The American Rescue Plan was passed by 219-212 votes, with twoꃞmocrats — Reps. Jared Golden of Maine and Kurt Schrader of Oregon, crossing party lines to vote against the bill.

Golden said his decision to vote against the mammouth fiscal package was due to the amount of spending not related to the coronavirus pandemic.

𠇍uring challenging times, the country needs its elected leaders to work together to meet the most urgent needs in their communities. This bill addresses urgent needs, and then buries them under a mountain of unnecessary or untimely spending,” Golden said in a statement Saturday.

“In reviewing the bill in its full scope, less than 20 percent of the total spending addresses core COVID challenges that are immediately pressing: funding for vaccine distribution and testing, and emergency federal unemployment programs,” he added.

Though the Senate Parliamentarian voted Thursday that the $15 minimum wage hike included in the bill would not comply with the budget reconciliation rules, House Democrats chose to keep the measure included anyways.

Even with narrow thin margins in the 50-50 divided Senate, with Vice President Kamala Harris as the tiebreaking vote, two Democratic Senators have already said they are opposed to the minimum wage measure in the bill –meaning it will likely be jettisoned from the package if the Senate hopes to get COVID relief out before mid-March when unemployment benefits begin to laps.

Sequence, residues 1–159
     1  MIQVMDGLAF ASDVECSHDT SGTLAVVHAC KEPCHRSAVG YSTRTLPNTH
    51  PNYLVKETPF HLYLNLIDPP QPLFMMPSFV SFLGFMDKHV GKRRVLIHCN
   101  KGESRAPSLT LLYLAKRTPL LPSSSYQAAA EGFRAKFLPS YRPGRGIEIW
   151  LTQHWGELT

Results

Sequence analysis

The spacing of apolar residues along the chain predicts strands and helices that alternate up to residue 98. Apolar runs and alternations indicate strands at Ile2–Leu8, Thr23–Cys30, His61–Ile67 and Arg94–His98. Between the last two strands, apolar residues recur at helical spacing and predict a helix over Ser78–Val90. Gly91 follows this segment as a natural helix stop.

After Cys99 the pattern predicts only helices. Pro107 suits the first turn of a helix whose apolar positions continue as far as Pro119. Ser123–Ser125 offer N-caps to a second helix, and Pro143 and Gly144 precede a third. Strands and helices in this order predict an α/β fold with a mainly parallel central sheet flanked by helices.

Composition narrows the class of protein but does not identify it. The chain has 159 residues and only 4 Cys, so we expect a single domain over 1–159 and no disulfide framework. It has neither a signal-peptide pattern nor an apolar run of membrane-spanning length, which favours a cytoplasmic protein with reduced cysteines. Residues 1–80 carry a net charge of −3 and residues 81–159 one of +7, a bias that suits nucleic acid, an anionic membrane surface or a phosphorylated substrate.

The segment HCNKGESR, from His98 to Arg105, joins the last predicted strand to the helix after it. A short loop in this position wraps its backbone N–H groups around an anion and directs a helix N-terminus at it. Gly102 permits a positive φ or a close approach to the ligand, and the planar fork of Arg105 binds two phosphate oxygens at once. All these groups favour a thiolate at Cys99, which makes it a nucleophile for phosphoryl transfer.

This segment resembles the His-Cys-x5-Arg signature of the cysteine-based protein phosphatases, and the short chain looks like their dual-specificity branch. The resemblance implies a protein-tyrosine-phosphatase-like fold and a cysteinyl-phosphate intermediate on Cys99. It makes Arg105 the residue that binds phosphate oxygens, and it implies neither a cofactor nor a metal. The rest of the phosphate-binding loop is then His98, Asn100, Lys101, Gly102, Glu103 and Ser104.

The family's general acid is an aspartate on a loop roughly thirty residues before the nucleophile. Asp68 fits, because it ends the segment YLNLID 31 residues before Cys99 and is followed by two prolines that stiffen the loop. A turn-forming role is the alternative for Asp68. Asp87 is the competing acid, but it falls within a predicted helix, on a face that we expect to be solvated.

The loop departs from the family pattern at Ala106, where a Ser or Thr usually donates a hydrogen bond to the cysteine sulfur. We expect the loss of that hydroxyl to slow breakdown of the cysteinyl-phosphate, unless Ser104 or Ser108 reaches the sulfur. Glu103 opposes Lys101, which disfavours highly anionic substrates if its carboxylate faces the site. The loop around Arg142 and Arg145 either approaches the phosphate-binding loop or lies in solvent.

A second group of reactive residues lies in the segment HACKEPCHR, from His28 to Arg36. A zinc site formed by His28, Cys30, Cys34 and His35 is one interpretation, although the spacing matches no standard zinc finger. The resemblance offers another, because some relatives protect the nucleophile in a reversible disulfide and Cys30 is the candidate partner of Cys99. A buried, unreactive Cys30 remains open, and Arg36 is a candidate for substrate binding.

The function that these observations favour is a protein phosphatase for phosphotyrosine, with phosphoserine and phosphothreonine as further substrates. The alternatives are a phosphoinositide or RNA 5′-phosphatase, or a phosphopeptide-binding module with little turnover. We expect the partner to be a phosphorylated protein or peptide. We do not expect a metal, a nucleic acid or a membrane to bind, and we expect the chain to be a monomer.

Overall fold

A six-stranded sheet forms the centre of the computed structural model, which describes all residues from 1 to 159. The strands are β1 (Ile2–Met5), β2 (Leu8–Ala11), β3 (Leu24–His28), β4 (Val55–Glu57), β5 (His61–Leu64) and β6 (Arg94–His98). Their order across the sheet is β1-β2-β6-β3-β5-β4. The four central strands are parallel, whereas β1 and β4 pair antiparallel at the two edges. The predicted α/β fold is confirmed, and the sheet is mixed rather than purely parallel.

Republican trolls trillion dollar COVID package, asks for $10,000 stimulus checks instead

In a last ditch effort to counter the $1.9 trillion coronavirus package passed by the U.S. House of Representatives in the early hours Saturday morning, frustrated Arizona Republican Rep. Paul Gosar submitted an amendment that slashed non relief spending and offered $10,000 stimulus checks instead.

“I offered an amendment to prioritize $10,000 stimulus checks to Americans most affected by COVID-19 and lockdowns,” Gosar said in a statement to Fox News Saturday. “Instead, Democrats chose foreign aid, Big Tech transit, and Pelosi’s political priorities over direct relief to American citizens.”

Gosar’s amendment called for the removal of 10 agenda items out of the American Rescue Plan’s more than 200 sections, including funding for the arts, federal and corporate transit projects, “vaccine confidence activities” and foreign aid.